When confronted with an employment issue it is typically best and most desirable to act fast towards resolving your matter, which may involve starting some sort of legal claim. As there are multiple avenues to choose from, with some offering greater or different benefits than others, one should be mindful that starting a claim in one avenue can have an impact on how the matter proceeds and limit future options.
For example, the Ministry of Labour (“MOL”) is one such avenue. The MOL is a government ministry that promotes and enforces employment standards legislation, like the Employment Standards Act, 2000 or the Ontario Health and Safety Act.
In some circumstances, proceeding through the MOL may be more efficient than bringing the matter through Small Claims Court, for instance in scenarios where the employee is seeking to be paid their Employment Standards Act minimums only. The issues typically put forward with the MOL in relation to employment issues are that of wrongful dismissals, termination, and severance pay disputes.
However, there are also limitations once a MOL complaint has been submitted which can affect your ability to proceed with a civil claim. Section 97(1) of the Employment Standards Act, 2000 states that an employee who files a complaint with the Ministry of Labour cannot pursue a civil proceeding with respect to the same matter.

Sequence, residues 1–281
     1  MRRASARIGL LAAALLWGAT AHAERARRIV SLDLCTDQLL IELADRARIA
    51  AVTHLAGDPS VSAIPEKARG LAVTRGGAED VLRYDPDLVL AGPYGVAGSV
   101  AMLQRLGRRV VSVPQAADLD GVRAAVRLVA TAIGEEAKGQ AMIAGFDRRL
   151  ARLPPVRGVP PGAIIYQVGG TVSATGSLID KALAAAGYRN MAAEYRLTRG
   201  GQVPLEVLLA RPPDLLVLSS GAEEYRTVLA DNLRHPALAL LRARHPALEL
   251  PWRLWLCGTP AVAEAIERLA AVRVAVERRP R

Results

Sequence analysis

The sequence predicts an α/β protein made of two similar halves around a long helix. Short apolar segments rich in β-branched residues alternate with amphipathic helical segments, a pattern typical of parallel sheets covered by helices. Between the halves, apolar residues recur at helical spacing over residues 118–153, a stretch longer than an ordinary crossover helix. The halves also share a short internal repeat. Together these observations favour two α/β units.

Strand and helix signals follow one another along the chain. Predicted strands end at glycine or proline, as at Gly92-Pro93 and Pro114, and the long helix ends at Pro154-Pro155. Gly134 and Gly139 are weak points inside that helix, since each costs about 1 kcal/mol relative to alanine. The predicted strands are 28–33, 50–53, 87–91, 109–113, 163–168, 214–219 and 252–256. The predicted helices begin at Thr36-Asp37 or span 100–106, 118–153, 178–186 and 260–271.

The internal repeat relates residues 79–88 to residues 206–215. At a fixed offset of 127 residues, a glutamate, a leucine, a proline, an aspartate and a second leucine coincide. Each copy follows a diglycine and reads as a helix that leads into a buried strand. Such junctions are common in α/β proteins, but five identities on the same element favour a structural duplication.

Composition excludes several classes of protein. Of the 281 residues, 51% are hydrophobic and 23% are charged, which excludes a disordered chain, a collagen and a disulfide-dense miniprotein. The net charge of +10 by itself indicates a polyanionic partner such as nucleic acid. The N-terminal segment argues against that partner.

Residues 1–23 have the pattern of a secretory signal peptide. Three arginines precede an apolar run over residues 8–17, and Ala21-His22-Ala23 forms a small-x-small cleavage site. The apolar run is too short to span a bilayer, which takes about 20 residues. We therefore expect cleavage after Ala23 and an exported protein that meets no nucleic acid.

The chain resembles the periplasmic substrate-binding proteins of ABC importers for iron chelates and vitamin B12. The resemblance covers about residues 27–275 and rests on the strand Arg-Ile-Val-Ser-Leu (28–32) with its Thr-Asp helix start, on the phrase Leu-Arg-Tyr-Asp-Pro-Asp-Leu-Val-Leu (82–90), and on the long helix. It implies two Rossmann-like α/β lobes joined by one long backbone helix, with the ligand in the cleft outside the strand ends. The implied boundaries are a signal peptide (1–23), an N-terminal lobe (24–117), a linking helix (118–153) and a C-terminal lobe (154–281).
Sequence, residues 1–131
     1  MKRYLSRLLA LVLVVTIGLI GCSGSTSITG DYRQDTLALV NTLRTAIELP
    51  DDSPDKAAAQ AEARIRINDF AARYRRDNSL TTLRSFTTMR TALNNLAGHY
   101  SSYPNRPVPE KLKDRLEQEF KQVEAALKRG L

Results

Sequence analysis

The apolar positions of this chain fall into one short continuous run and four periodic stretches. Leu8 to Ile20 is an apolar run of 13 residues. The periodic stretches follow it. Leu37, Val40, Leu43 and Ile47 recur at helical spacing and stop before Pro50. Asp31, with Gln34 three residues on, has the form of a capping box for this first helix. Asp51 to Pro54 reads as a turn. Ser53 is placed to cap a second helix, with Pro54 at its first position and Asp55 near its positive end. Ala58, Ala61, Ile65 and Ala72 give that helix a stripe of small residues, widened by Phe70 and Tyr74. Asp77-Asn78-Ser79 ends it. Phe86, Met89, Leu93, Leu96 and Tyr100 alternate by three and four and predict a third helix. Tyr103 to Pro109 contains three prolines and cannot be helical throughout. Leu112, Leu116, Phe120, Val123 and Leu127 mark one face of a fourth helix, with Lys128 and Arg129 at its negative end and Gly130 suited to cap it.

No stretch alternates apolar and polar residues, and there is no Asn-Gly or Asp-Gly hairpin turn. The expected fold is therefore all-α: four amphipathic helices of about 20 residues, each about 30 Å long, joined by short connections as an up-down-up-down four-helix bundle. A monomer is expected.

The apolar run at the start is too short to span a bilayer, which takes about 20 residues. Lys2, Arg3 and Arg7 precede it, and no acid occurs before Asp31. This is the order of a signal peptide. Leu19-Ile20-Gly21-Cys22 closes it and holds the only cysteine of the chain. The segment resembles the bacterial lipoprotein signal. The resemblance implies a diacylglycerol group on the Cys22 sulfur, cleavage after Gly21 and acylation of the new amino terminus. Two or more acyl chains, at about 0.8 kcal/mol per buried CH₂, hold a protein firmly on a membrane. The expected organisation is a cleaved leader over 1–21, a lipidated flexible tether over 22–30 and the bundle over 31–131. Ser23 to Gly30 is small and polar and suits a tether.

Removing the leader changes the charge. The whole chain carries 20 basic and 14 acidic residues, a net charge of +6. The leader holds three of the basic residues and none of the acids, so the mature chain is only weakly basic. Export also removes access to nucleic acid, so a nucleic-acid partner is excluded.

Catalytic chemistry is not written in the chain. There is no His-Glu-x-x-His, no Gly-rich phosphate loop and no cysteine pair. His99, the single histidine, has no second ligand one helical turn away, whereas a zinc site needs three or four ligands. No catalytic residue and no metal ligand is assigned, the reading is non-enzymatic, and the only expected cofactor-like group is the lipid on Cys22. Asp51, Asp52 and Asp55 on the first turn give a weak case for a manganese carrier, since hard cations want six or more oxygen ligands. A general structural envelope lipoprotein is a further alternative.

In employment law parts of the dispute may deal with legislative as well as implied, common law rights. For instance, in a termination situation, there is the Employment Standards Act minimum notice requirements and often also the longer reasonable common law notice period. While the legislative aspect may be within the scope of what the MOL deals with, the implied common law rights will not. Therefore while the MOL may provide you with a fair resolution in a timely manner, it is possible that there may be other claims or rights that you are giving up by choosing the MOL route. As such, it is important to keep in mind that once the complaint is filed and two weeks have elapsed, you are unable to pursue your matter through civil proceedings even if some aspects will not be addressed by the MOL.
The good news is that there are terms to this limitation. Section 97(4) of the same Act outlines that if the complaint is withdrawn within two weeks of its filing, the matter will not be statute-barred and the employee may then be allowed to pursue a civil proceeding. This is why it is crucial that an employee who is confronted with a workplace issue or dispute contacts legal representation before taking any action. The process to withdraw your claim is fairly simple and can often be done with a phone call.
For some matters, going forward with a Ministry of Labour complaint may be the best option, however, it is always best to have all the information to make an informed choice by seeking legal advice first.
Ultimately every case is different and the above is not legal advice for your situation. Please contact Monkhouse Law for a free 30 minute consultation.
Call us for a FREE 30 minute phone consultation at 416-907-9249 or submit a callback request
- What Conditions Qualify For Disability in Canada - March 7, 2023
- Manulife Long Term Disability Benefits What Happens After Two Years - February 13, 2023
- COVID-19-Related Employment Law Decision Explores Doctrine of Frustration - February 8, 2023